Are We Over-Sharing Our Personal Health Data?
Make no mistake, those vast databases give healthcare providers a comprehensive view of their patients’ health, an advantage that easily could be lifesaving in an emergency. The down side is those databases put our most private information at risk for exposure. Hospitals, insurers, doctors and government agencies didn’t pay “much attention to privacy and security” in their rapid efforts to digitize a lot of health data and aggregate it electronically[.]
Defray Ransomware Seen Targeting Education, Healthcare Industry
In one campaign the Word document purported to come from a UK-based hospital’s Director of Information Management and Technology. In the other, the Word doc billed itself as coming from a UK-based aquarium with international locations – likely SEA LIFE, an aquarium with locations in Birmingham, Brighton, and Manchester, with additional locations in the U.S., Australia, and China.
Your Health Data is Vulnerable to Hacks. Here’s What You Can Do
As scary as these examples are, the solution isn’t to stop seeking medical treatment. Patients can take some steps to protect their data and their privacy. One thing to do is a reference check on your insurer, hospital or health care provider by visiting the Office of Civil Rights’ list of providers that have experienced breaches, sometimes referred to as the “Wall of Shame.” Since July 1 alone, 35 breaches have been reported and are under investigation affecting more than 850,000 individuals.
Rising Data Security Threats Drive Growth in Outsourcing
Other areas growing quickly include disaster recovery and network operations. Like cybersecurity, these are important areas and require specialized skills that are not necessarily core to the business, Wagner said. Outsourcing is becoming more attractive to all organizations, the study said, but large organizations are growing IT outsourcing budgets the fastest. At the median, large organizations have increased the percentage of their IT budgets spent on outsourcing from 6.3 percent to 8.7 percent.
How Emerging Cyber Threats are Transforming the HIPAA Landscape
And despite the omnibus HIPAA Final Rule on Privacy & Security that HHS posted in Jan. 2013, which brought new safeguards to protect ePHI, healthcare CIOs and CISOs must be constantly on the ball, making adjustments to their cybersecurity plans to ensure they don’t run afoul of HIPAA rules. That is increasingly difficult in the post-omnibus era of more sophisticated attacks, most notably ransomware, ransomworms and whatever comes next. Take the latest ransomware variant Defray, for instance, which is specifically targeting healthcare and education sectors.
New Ransomware Virus Targets Healthcare Organizations
Cybersecurity experts have identified a new ransomware strain that is targeting healthcare organizations, FierceHealthcare reports. The virus, dubbed Defray, spreads via a Microsoft Word attachment in emails sent to potential victims. The messages are customized to appear to come from a trusted source. […] In one example of the personalized approach, an attachment titled Patient Report used the logo of a hospital in the United Kingdom and claimed to be from the hospital’s director of information management and technology. The ransomware demands $5,000 in bitcoin to release encrypted files.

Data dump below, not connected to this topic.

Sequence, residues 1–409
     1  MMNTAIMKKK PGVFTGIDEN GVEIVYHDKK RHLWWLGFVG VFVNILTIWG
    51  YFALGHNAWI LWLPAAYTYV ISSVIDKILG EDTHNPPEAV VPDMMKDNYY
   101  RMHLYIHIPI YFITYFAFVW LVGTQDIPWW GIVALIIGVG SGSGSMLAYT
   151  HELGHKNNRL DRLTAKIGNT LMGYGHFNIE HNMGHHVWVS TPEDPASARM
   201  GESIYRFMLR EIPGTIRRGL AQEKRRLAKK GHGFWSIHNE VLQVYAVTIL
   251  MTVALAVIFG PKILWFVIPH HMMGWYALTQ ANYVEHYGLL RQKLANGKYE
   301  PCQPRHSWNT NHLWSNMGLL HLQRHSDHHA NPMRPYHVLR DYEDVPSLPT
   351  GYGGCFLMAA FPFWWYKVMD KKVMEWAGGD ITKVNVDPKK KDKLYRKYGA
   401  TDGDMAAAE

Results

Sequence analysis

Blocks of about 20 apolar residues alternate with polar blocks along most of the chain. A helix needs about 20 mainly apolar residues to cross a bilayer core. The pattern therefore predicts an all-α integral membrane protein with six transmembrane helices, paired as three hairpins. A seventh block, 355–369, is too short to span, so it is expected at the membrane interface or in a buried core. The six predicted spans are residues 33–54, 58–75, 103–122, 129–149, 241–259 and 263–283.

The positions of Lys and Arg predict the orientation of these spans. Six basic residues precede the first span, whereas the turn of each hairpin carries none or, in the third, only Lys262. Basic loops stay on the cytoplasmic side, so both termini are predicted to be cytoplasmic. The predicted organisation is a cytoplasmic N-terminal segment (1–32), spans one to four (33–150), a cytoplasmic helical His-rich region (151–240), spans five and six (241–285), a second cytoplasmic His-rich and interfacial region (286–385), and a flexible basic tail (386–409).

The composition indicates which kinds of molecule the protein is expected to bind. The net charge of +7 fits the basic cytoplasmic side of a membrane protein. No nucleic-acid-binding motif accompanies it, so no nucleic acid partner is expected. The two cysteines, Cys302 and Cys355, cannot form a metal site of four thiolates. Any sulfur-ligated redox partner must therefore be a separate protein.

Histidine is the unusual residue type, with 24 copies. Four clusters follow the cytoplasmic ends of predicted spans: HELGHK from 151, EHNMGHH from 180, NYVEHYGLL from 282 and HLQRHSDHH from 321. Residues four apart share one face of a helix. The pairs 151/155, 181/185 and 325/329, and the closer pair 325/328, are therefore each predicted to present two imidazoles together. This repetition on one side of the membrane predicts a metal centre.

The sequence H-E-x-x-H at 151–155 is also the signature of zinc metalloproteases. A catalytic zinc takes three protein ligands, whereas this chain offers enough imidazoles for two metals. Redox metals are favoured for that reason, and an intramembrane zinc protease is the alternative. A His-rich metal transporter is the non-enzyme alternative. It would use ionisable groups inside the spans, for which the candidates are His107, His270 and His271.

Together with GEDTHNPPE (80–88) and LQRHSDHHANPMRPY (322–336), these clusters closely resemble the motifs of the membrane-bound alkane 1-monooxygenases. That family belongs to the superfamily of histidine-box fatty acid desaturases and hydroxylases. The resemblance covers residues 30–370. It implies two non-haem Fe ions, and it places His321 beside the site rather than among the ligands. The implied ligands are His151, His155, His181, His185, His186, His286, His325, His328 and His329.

465k Patients Told to Visit Doctor to Patch Critical Pacemaker Vulnerability
The update will require patients to visit a clinic where doctors will put the pacemakers in backup mode while the firmware is being patched. The Abbott letter said that, for certain patients, the update should be performed “in a facility where temporary pacing and pacemaker generator change are readily available, due to the very small estimated risk of firmware update malfunction.” An advisory issued by the Food and Drug Administration said 465,000 pacemakers in the US alone are affected. The number of pacemakers in other countries wasn’t immediately available.
HIT Think Healthcare Industry Must Address IoT Security in its Planning
Securing the IoT in a healthcare environment requires communication and understanding. Executive leadership must understand that with these tremendous advantages comes additional responsibility. Agreement must be reached that any device requiring connectivity be vetted prior to purchase. Baseline requirements should be established around antivirus, patching and routing. In addition, departments that have traditionally run their own shops now need to partner with IT in discussions regarding purchasing, and later, deploying connected devices.
Fight the Growing Cyber Challenge in Health Care
Another issue within the industry is that technology isn’t implemented as quickly as it becomes available, with health care IT facing particular cultural challenges. “In many hospitals, there has been a common culture in which doctors’ preferences have been heavily weighted, making it difficult for IT to implement change,” Mellen says, adding that the culture is changing. “Cybersecurity initiatives that had once been blocked due to ‘possible outages that could impact patient safety,’ are now being welcomed in order to improve patient safety.”
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